At most U.S. colleges, Precalculus is considered a college-level course. But when taught in high school, the course rarely confers college credit. More typically, high school Precalculus signals readiness for a college Calculus—though often, it doesn’t even do that: It’s not uncommon for students who take Precalculus in high school to repeat the course when they get to college.
Such opaque and misaligned high-school-to-college math sequences send mixed signals to students that unfairly complicate their educational journeys. But transparency requires first pinpointing the source of confusion. For instance, it could be that high schools aren’t teaching Precalculus effectively, or that teachers need more support to teach it. Or perhaps the real problem is that colleges don’t trust high schools to teach the course, so they require students to take placement tests or repeat the class, whether needed or not. Another explanation for the repetition could be that high schools and colleges teach different versions of the course.
Fortunately, a group of leading mathematicians and math educators are investigating the possibility of addressing this array of potential problems by developing an AP Precalculus course. David Bressoud, a member of the group that is advising the College Board, highlights some of his thoughts in a recent blog post.
There are reasons to be cautious about this attempt. For one thing, AP Statistics would be a better choice for most students who have ruled out a major in STEM (science, technology, engineering, and mathematics). And as Bressoud notes, Precalculus was initially conceived as a high school course, so conferring AP credit could seem misguided. Plus anyone concerned about the current race to AP Calculus, which is arguably driven by students’ desire to gain a leg up in college admissions, may ask whether another AP course—especially one whose main purpose is to prepare students for Calculus—could only exacerbate inequities.
Bressoud also points out that some highly selective colleges do not offer Precalculus for credit (if at all). At colleges that do, it’s too often “a terrible course: a collection of facts and procedures, most of which students have seen before but not mastered, now coming at them much faster,” he says. That does not sound like something worth replicating.
Yet, on balance, he concludes that AP Precalculus could help improve the success of high school Precalculus by providing a set of clear expectations as well as effective professional development. Importantly, he also thinks that an AP Precalculus option could help alleviate some of the pressure high school students face to reach AP Calculus. Calculus is the only AP course that requires students to accelerate through a course sequence as early as middle school or skip a high school course (sometimes Precalculus). Middle school math acceleration only compounds the practice of tracking, where schools place students into qualitatively different math sequences, often based on race and gender.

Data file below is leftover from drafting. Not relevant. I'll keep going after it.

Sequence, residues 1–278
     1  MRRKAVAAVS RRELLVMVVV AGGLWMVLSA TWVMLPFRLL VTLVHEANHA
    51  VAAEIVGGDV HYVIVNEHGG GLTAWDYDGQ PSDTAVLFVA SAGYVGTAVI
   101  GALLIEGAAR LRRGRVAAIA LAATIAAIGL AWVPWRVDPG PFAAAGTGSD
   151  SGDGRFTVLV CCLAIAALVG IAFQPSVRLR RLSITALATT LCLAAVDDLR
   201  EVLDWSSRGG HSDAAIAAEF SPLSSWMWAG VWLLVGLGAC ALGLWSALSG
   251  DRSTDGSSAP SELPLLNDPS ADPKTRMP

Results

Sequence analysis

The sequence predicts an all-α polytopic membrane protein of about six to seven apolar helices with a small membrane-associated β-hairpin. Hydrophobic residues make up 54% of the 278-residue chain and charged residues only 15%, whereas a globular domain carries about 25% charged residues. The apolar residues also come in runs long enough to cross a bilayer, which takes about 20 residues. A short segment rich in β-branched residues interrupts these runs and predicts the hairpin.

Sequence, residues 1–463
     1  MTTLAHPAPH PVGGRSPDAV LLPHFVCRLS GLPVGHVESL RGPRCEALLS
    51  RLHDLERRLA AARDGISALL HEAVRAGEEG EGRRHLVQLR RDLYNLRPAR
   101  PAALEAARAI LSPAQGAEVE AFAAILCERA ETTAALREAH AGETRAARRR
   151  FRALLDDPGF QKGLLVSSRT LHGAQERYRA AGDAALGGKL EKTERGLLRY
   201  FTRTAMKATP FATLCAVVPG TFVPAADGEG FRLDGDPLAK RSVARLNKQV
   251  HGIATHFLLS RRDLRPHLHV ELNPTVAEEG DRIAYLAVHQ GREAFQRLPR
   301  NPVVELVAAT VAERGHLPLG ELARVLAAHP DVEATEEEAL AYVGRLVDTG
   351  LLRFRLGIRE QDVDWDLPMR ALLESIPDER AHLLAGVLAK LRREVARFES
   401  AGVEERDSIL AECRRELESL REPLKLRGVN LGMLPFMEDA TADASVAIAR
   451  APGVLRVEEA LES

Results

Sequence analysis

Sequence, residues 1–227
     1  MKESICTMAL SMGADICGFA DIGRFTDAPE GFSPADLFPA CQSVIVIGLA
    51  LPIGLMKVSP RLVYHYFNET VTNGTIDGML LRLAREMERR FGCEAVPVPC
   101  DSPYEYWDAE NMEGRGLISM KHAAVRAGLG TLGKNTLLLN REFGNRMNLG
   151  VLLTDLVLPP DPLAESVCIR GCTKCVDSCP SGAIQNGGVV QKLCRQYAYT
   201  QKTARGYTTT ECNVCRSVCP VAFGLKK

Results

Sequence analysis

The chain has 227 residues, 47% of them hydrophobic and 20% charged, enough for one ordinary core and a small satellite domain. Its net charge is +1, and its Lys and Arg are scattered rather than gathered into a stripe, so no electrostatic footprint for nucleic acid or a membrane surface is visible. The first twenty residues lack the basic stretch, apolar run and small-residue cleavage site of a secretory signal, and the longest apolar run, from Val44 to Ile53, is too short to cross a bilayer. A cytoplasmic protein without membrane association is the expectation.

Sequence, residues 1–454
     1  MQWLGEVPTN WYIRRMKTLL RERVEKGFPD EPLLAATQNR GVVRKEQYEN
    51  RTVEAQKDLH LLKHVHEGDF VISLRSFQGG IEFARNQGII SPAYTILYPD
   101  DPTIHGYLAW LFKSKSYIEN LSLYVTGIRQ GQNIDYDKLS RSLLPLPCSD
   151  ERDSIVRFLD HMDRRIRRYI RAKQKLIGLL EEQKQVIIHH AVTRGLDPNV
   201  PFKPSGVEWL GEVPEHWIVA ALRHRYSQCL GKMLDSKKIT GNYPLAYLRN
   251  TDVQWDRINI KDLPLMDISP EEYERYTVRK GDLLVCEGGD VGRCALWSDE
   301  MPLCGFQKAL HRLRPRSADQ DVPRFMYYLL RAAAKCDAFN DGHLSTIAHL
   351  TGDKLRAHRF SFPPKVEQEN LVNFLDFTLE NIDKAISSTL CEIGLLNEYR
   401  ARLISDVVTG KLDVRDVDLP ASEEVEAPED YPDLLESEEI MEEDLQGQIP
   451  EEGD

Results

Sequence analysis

Enabling students to earn AP credit without needing to accelerate is a worthy goal. It’s not a given, however, that a new AP course will, on its own, accomplish that. The growth of AP Statistics (which requires no acceleration) has not halted the obsession with Calculus.
Nor has the drive to accrue AP credits stopped with senior-year Calculus classes. More and more students are now taking AP math before their senior year: Last year, almost 50,000 took the BC exam (which covers the second semester of Calculus) in eleventh grade or earlier, and there is already clamor for adding an AP Multivariable Calculus course, Bressoud notes.
While enthusiasm for math learning should be celebrated, institutions such as the UC system, the National Council of Teachers of Mathematics, as well as the Mathematics Association of America have cautioned that acceleration and hyper-acceleration don’t necessarily serve students. Too many students manage to pass AP courses without truly developing the math literacy they need in college, while bypassing math content that might be more relevant for their interests.
The race to Calculus has become ingrained among students, families, and teachers as the route to selective colleges. Prestigious institutions such as the University of California (UC) add an additional GPA point for an AP course (bringing an A up to five points, instead of the usual four—even though some evidence suggests that approach is not merited). If acceleration to AP Calculus continues unabated, AP Precalculus could allow ambitious students to rack up even more points on their way.
It’s encouraging that specialists such as Bressoud, who is well aware of these hazards, are advising the College Board about the AP Precalculus possibility. If the course comes into existence, there needs to be an explicit strategy to address the risks, not just in the course’s design, but also in its rollout. Schools, teachers, parents, and admissions offices need to provide clear signals in order to support deeper math learning for more students.